Flash cycling takes a hit if you use the FP modes, which allow the use of shutter speeds up to 1/4000th with most 4/3 cameras (1/8000 with the E-3 or E-30). This mode emits a series of light pulses to cover the sensor as the shutter opening moves and simply can't fire at full power multiple times, so the amount of light is reduced and recovery times are longer. For this I wish they had shoe horned a bigger battery compartment into the case. You might wonder why this feature is valuable, very simply it increases the options for macro with black backgrounds.

Remotely interested

The strobe has the standard Olympus 5 pin connector for cabled connection to any housing which has a matching bulkhead connector to carry the hotshoe connection through the case. It's a simple and quite hardy set up which we've used for more than 5 years now. In the very early days others had some issues with ungreased metal bulkhead connectors, but they were soon changed. Now they are all polycarbonate threaded - which can't seize.

This may now be a moot point as the UFL-2 can also be controlled optically. All Olympus SLRs (and their ultra zoom compacts) have offered this system for a while now. The pop up flash on the camera uses data bursts of light to signal its intentions to the strobe and the flash responds with infra red. The pop-up flash doesn't light the scene. I've used this protocol underwater with the FL-36R (in the PFL-02 case) and found that in open water the control range was limited, which is why the UFL-2 and PT-E06 have matching ports for optical fibres. This makes the control connection as reliable as wire – but with no vulnerability to water :-) Very bad news for sales of replacement strobe cables!

The control of a dedicated strobe helps expose this Janolas nudibranchThe control of a dedicated strobe helps expose this Janolas nudibranch

Once set to RC Slave, the system works as though it's wired, except all flash control is brought onto the back of the camera. It's pretty cool, you don't have to peer into the strobe's display to find out what's going on. From the camera back panel you can select any of the modes and control 3 channels of apparently unlimited flashes. In real life I guess two is practical, but it does open up the option of some very complicated multiple flash lighting.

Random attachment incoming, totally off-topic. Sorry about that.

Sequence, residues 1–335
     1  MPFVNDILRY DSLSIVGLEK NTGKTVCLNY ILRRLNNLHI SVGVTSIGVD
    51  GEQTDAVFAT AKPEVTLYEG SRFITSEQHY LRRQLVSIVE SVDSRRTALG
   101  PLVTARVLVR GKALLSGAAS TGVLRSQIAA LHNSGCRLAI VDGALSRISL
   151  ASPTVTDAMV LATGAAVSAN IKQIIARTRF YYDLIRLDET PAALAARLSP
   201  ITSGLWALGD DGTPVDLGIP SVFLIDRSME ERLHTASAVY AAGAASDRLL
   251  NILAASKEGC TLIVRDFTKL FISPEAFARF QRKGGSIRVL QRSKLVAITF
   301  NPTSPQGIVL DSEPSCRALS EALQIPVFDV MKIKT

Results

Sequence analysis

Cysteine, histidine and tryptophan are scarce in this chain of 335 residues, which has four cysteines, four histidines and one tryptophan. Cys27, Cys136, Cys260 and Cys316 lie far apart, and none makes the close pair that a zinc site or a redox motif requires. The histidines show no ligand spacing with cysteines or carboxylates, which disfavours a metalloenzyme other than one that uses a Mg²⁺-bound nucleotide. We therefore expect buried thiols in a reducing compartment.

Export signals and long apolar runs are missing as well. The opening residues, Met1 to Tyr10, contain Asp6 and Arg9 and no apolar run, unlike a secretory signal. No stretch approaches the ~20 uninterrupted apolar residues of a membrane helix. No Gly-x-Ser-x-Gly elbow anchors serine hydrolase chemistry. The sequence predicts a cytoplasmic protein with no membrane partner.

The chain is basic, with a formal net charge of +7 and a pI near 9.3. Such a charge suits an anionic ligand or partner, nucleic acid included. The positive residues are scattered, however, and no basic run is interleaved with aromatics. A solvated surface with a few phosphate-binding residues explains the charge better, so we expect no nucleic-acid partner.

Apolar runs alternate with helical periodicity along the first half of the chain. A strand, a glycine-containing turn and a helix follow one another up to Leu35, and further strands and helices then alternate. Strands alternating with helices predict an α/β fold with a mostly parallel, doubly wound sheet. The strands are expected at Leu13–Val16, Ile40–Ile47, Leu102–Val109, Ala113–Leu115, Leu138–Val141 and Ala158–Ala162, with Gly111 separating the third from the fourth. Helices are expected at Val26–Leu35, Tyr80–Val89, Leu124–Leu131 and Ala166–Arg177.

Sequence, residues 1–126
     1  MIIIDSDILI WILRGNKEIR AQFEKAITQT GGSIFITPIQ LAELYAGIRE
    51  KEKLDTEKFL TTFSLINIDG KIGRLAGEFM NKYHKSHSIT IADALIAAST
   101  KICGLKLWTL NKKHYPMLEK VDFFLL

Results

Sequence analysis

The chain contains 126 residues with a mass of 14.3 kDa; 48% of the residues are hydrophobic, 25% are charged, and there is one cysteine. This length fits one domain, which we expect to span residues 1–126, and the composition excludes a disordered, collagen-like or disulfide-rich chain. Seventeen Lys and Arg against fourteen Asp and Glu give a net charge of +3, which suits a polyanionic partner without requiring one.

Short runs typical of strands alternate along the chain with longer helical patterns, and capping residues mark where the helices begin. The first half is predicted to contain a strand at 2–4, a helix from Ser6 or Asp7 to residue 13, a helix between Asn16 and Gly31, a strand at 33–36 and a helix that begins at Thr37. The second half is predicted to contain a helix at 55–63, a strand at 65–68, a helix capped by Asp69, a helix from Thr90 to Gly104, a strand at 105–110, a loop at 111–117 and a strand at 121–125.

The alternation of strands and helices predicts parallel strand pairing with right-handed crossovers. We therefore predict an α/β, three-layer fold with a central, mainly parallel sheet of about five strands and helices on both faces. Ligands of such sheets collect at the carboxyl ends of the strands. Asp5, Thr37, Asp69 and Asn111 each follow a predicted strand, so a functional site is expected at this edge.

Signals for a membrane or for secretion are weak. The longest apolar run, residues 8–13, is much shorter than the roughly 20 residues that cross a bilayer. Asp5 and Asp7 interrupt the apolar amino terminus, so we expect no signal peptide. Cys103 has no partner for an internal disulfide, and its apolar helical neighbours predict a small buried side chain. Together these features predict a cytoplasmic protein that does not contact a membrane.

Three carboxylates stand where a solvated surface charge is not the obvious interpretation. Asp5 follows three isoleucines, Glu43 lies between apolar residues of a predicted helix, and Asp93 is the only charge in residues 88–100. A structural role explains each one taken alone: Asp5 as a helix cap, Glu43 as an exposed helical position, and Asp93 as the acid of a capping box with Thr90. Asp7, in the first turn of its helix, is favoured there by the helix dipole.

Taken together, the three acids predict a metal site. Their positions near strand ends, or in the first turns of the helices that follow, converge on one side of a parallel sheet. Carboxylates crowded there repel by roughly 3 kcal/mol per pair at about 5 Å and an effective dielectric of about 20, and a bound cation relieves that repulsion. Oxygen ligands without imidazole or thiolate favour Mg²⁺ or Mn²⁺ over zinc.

The Olympus UFL-2 can of course also trigger third party strobes, either in manual or auto slave modes. You can't use the second port on the case for this in RC mode as the control pulses would falsely trigger the strobes, but the UL-2 has a second port which can daisy chain the main flash to trigger another.

There's a small price to pay in that the camera uses its own flash to control the strobe, reducing battery life, but the data bursts don't have to be very powerful so the impact is slight.

Conclusion

As I've used a housed FL-36 for a couple of years I knew exactly how the UFL-2 would behave. It's not the most powerful strobe in the world but it has superb finesse - wired or fibre connected. Control on macro subjects is excellent, if you wanted to you could correctly expose subjects actually resting on the strobe itself. For wide angle shooting, the control options the RC wireless mode offers are potentially mind numbing, but it actually really simplifies the addition and use of multiple extra strobes.

TTL control makes shots like this Mantis a doddle (relatively  speaking!)TTL control makes shots like this Mantis a doddle (relatively speaking!)

Housing the FL-36 properly has made it very pleasant to use - a land flash with the form factor of a typical underwater strobe. Almost nothing is lost from the FL-36 and now it is easier to aim and much, much lighter. Even though they have certainly not rushed to market, Olympus have beaten the bigger players to offering a truly complete underwater SLR system by miles.

One of the unexpected bonuses of the wireless remote mode is that this strobe can do duty on land too, if you need to add another flash to your set up, or want to play in the rain. Most TTL strobes are confined to underwater use by their specialist connectors.

Pros:

Very fully featured, superb exposure control, zoom head, full wireless control. Very high power for macro at small apertures.

Cons:

Only 2 AA batteries, limited reserves and recycle slows as batteries deplete. Wired connector could be positioned better. Not cheap.

Ratings

  • Build: 9/10 Shame the wired connector wasn't better sited
  • Performance: 9/10 Mega macro, needs a friend for ultra wide
  • Value: 8/10 Ultimate flexibility at a reasonable price, for a strobe

Overall:

The Olympus UFL-2 is now the best strobe for Olympus macro divers.

Read Rob's review of the Olympus E-620 digital SLR.
Read Rob's review of the Olympus PT-E06 waterproof housing.